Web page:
Jackson's primary objection to the re-chartering of the Bank can be summarized in his later statements that the bank was a "monster." He argued that the bank had earned millions for its investors, many of whom were foreign; and that the bank enjoyed an unfair advantage as it constituted a monopoly which profited its shareholders at the expense of the public. He also noted that the monopoly of the bank constituted a danger to state banks which could not compete with it. This he considered a violation of all the principles upon which the United States was founded. It was possible, he argued, that if the bank's charter were continuously renewed, it would only be a matter of time before the bank exercised its influence in political matters. He concluded by stating:
Experience should teach us wisdom. Most of the difficulties our Government now encounters and most of the dangers which impend over our Union have sprung from an abandonment of the legitimate objects of Government by our national legislation, and the adoption of such principles as are embodied in this act. Many of our rich men have not been content with equal protection and equal benefits, but have besought us to make them richer by act of Congress. By attempting to gratify their desires we have in the results of our legislation arrayed section against section, interest against interest, and man against man, in a fearful commotion which threatens to shake the foundations of our Union. It is time to pause in our career to review our principles, and if possible revive that devoted patriotism and spirit of compromise which distinguished the sages of the Revolution and the fathers of our Union.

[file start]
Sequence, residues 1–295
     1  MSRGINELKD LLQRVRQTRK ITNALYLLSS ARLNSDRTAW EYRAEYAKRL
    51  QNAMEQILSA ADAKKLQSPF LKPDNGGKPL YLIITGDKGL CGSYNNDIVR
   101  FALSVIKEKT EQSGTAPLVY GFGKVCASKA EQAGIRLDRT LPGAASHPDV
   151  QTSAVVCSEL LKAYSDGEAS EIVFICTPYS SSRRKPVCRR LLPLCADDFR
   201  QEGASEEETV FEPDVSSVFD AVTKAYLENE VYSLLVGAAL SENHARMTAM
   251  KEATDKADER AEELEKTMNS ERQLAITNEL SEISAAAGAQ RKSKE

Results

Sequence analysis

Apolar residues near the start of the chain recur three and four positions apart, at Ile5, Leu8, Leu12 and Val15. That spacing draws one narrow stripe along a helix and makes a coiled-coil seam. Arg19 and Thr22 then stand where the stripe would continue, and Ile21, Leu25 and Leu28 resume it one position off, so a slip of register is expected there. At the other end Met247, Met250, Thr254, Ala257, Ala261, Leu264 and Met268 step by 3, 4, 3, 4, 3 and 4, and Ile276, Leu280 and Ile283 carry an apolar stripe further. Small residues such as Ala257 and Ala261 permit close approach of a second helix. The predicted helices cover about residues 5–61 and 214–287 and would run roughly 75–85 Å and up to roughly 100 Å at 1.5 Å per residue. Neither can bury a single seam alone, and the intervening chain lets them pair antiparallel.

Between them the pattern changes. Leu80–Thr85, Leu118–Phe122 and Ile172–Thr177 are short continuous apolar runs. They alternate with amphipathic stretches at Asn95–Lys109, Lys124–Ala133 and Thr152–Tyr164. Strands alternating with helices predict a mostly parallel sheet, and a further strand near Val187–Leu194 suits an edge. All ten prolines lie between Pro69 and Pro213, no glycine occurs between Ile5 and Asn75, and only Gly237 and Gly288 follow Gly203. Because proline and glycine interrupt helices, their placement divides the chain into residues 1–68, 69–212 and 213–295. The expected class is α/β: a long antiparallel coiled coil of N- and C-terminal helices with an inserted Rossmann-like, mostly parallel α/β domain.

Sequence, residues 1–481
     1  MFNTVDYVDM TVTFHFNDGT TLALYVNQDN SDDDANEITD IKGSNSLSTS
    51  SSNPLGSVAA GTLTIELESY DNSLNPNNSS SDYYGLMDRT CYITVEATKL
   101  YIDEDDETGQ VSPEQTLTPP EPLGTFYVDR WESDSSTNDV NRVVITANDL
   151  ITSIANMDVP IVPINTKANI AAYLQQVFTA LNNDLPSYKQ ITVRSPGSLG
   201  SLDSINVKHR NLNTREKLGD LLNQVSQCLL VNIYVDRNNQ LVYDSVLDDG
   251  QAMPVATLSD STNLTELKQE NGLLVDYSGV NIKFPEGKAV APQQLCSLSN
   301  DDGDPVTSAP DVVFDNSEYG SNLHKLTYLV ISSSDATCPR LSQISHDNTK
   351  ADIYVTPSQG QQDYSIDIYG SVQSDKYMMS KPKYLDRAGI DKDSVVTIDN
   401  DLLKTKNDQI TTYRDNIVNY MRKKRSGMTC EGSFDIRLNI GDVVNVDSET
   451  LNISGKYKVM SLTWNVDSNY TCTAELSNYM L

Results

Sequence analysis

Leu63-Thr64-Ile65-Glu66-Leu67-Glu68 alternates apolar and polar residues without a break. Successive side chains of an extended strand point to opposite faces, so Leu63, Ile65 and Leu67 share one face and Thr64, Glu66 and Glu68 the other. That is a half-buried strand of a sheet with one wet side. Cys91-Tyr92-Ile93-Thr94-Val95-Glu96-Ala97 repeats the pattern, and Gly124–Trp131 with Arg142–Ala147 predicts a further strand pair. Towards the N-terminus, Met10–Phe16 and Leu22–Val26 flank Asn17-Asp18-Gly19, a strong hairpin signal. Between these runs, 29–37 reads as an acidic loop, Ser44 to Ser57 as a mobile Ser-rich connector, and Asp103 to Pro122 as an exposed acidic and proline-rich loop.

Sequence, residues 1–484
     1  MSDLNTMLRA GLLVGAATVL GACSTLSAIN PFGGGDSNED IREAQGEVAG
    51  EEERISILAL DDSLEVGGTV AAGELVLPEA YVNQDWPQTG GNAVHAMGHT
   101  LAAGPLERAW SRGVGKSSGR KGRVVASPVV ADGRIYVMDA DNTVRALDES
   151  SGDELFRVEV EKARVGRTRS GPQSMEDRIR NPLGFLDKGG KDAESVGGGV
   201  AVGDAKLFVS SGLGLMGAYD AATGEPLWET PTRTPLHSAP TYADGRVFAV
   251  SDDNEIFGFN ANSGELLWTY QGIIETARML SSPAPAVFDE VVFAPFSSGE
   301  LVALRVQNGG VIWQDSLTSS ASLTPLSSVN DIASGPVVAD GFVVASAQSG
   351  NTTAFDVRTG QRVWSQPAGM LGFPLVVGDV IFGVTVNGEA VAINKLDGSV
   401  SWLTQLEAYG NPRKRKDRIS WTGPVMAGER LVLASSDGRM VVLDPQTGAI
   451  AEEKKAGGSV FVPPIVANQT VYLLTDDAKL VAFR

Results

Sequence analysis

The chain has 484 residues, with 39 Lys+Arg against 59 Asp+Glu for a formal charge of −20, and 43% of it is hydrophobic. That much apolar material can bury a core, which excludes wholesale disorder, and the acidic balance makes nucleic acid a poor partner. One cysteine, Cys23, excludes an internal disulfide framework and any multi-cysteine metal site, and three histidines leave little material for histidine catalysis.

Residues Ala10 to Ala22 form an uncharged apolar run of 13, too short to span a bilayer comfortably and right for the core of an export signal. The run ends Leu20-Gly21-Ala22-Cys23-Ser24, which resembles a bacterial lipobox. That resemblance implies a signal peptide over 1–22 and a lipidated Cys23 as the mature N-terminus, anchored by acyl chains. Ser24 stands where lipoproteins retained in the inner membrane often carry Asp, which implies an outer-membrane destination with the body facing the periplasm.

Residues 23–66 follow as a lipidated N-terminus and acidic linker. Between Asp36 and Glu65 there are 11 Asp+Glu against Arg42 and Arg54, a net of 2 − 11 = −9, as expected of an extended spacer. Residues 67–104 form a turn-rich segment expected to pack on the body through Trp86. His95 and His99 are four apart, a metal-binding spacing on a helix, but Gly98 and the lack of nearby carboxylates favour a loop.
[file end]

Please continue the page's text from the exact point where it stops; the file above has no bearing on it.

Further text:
If one considers that the Bank, under Nicholas Biddle, had made its influence felt on the economy by instigating a panic, and how under its previous President, Cheves, it had forced state banks to honor bank notes in specie, Jackson's argument appears to have some merit under the circumstances of the times.